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Messages - garc_mall

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All Things Food / Re: What's For Dinner?
« on: April 24, 2012, 06:54:30 PM »

Nothing too special, slow braised chuck steak in soy sauce, balsamic vinegar, and some herbs. Threw the veggies in after a couple hours. Roasted the potatoes in a mixture of olive oil, balsamic vinegar, mustard, basil and thyme. Having it with "A Dark Night in Munich" a munich dunkel which won in the SA Longshot competition.

All Grain Brewing / Re: No head!?!?
« on: April 24, 2012, 09:12:08 AM »
I used to use two lab grade thermometers that gave very close readings. One was NIST certified (with serial number), the other was NIST traceable. I suspected something was wrong, so I used water baths to determine how far off. Boiling was off 12 and 10 deg F high respectively, ice water bath (correctly done) was 4-5 high on both. talked myself into getting a Thermapen and confirmed they were both 7 deg low at a 150 mash temperature. Those things were all over the place. The Thermapen also confirmed my Ranco probes and ice bath numbers.

That means you were roughly between 130-134 for the 30 minute beta rest. That's in protein degradation temperatures, and I would guess that is what really wiped out your head.

This is what got me excited. Pushing it to all malt will make a good difference all by itself. I would imagine they will tweak the directions too.

However, American customers would notice some subtle changes aimed at improving the quality of the beer.

"We will replace the current malt extracts with a superior quality all-malt concentrate produced at Coopers with a yeast specifically designed for their size kit," he said.

"This will remove the need for a sugar adjunct and will significantly improve the quality of beer that is produced."

All Grain Brewing / Re: No head!?!?
« on: April 23, 2012, 10:50:16 AM »
+1 to pretty much everything in here.

I like to add 4oz of wheat to every beer, and I have noticed that I get better head retention.

If your thermometer read 216 and your wort didn't seem to be boiling, I would attempt to calibrate your thermometer, or get a new one.

Yeast and Fermentation / Re: Zero Headspace in Carboy
« on: April 23, 2012, 10:29:22 AM »
OK, panic setting in.  Do you think I racked off too much yeast if I sucked it up from the bottom?  I thought it looked like they were in suspension but my gallon jug seems to be fermenting.  I think I'll decant and put back the trub.....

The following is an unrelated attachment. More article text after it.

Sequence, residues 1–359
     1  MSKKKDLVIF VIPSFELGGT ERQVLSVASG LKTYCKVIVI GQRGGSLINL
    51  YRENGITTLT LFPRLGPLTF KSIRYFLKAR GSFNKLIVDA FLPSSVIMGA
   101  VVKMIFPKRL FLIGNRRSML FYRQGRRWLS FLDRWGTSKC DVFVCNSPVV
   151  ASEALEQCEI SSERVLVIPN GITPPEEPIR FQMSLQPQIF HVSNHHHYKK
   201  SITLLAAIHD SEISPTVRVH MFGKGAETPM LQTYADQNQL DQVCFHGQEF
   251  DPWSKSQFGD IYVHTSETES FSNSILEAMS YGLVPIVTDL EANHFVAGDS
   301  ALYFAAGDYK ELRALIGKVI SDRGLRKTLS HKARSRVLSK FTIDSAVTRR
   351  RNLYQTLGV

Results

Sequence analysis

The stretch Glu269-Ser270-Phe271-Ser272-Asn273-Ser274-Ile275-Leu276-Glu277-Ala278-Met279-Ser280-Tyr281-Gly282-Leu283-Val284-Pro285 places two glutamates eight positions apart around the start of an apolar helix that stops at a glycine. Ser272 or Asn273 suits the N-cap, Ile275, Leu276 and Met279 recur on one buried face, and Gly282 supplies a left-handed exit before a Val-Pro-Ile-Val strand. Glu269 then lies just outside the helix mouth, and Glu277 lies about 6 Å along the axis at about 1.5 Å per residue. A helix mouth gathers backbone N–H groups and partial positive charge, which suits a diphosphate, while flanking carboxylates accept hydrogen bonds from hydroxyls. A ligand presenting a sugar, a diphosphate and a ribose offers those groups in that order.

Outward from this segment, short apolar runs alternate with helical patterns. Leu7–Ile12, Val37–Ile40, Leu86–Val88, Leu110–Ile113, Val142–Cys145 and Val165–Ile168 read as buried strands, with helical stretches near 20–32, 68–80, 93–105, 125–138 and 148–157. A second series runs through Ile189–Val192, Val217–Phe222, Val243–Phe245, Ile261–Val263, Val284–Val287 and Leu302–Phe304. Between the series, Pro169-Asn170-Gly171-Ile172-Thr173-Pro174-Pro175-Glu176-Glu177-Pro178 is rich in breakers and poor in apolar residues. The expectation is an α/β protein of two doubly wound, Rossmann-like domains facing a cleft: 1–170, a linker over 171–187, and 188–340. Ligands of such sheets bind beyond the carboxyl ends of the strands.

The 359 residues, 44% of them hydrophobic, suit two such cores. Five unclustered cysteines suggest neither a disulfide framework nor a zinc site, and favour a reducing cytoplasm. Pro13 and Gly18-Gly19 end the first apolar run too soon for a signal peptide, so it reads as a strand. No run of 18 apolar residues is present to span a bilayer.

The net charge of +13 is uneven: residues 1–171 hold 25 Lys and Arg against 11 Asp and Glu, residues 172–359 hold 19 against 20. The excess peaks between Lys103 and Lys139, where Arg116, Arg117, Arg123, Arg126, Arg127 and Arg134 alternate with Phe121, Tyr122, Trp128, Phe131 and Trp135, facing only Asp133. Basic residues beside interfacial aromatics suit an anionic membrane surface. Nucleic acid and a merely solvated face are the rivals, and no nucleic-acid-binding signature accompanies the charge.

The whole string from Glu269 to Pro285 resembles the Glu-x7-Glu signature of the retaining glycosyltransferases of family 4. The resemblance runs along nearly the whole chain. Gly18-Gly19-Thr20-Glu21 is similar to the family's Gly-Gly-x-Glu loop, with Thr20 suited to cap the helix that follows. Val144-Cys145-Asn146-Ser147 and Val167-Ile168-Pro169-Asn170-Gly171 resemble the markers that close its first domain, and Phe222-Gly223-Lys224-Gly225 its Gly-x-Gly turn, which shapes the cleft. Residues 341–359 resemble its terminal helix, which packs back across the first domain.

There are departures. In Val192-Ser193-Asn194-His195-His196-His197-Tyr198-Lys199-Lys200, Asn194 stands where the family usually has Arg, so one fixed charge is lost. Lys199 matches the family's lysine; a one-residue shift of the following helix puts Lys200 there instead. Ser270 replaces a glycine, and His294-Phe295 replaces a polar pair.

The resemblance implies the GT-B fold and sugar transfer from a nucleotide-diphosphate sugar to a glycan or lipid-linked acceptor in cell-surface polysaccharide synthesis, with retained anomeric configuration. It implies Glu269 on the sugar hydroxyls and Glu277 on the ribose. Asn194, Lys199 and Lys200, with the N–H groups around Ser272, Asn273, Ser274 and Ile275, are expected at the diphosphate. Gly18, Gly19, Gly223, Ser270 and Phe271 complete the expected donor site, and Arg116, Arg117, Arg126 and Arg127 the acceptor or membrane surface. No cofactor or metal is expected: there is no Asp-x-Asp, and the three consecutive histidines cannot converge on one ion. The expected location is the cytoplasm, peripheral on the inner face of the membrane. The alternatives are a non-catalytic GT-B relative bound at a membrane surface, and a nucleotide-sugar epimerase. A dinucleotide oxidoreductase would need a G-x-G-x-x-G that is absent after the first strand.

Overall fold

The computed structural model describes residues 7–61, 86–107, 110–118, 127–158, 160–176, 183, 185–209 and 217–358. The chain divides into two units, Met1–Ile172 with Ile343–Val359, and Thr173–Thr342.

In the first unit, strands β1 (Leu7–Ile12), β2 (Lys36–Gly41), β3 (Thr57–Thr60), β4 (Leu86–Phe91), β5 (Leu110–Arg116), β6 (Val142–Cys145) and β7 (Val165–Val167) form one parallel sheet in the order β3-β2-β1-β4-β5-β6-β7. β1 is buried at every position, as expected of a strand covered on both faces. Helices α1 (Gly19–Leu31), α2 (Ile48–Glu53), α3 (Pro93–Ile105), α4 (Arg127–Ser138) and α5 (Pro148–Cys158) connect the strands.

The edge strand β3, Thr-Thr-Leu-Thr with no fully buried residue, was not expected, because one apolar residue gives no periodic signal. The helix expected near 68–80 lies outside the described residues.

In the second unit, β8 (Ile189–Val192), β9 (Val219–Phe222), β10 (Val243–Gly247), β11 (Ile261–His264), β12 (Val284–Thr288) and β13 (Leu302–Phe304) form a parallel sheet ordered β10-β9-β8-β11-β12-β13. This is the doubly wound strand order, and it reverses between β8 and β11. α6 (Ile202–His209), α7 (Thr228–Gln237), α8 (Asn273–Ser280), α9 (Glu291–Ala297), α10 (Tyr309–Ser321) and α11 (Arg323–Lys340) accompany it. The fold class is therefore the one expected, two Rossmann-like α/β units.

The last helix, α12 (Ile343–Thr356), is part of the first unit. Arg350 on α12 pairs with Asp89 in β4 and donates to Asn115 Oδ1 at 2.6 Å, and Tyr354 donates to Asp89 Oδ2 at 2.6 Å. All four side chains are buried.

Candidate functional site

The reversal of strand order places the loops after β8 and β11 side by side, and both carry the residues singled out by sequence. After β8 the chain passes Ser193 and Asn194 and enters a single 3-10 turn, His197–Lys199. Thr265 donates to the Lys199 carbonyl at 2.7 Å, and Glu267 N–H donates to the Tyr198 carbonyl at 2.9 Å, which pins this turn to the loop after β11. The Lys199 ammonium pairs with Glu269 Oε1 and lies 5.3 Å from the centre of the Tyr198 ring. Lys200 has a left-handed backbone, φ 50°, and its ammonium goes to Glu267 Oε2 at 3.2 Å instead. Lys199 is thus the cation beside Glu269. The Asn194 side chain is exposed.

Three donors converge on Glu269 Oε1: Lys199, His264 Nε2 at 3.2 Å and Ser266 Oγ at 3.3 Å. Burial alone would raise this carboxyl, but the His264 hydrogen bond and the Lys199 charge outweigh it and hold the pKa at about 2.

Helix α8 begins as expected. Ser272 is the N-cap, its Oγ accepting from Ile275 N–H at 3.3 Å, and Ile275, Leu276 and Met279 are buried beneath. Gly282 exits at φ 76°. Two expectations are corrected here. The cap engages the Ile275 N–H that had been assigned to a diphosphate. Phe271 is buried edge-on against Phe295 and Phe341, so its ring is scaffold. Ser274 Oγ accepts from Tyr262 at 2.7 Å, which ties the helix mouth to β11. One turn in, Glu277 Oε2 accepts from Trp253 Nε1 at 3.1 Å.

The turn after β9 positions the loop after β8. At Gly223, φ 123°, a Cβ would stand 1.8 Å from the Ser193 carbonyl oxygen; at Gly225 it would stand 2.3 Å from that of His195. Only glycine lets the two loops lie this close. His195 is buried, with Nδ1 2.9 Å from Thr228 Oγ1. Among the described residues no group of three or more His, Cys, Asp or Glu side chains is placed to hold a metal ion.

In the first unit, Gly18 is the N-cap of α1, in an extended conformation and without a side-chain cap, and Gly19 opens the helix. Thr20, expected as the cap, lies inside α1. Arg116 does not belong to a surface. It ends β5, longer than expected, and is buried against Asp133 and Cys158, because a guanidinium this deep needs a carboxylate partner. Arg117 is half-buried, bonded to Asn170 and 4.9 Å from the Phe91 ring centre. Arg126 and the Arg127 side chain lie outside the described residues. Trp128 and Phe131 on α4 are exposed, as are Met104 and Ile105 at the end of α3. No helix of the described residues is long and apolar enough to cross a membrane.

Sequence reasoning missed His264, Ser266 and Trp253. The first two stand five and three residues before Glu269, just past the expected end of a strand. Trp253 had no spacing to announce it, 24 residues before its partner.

Once you pitched, and the yeast started multiplying, the yeast are everywhere. When you pulled the trub and beer from the bottom, you most definitely got yeast in there, hence the fermentation. There should be no issues, and your beer in the carboy should be fermenting as well on its own. I would let it ferment itself out, and then decant it back into the beer when you rack to secondary or a keg. It should be clean as long as you used good sanitation.

I plan to decant off the wort and use as my next starter.

Hadn't you already pitched the yeast?

When I read this first, I thought you were planning on using that as a starter of whatever yeast you originally used. But if you weren't, you aren't going to be able to use that for a starter, because as Sean said, its going to ferment because you already pitched the yeast.

All Grain Brewing / Re: Question About Batch Sparging
« on: April 22, 2012, 04:26:33 PM »
You basically did a no-sparge.  It won't cause any issues other than the efficiency might have been a little lower than if you'd batch sparged.  Either way works fine but your efficiency will be somewhat higher with batch sparging than no sparging.  With batch sparging (or fly sparging) you're rinsing more sugars out of the grains.

Especially for Session ales, I have found that no-sparging gives a better malt flavor than sparging. I think Gordon Strong makes this point in brewing better beer as well. When I make my next Mild (for NHC) I intend on doing a no sparge in order to give the beer as much body as possible.

Beer Recipes / Re: Two Brothers Atom Smasher clone ideas?
« on: April 20, 2012, 02:51:13 PM »
So, I agree with pretty much everything said here, but I am going to add my own 2 cents.

1. For sure talk to the brewers about that recipe. If they can't give you a full recipe, I bet they can give you an idea of what malts and hops they use. You can look at some other marzen or oktoberfest beer recipes, and that will give you an idea of the malt and hop percentages and timing.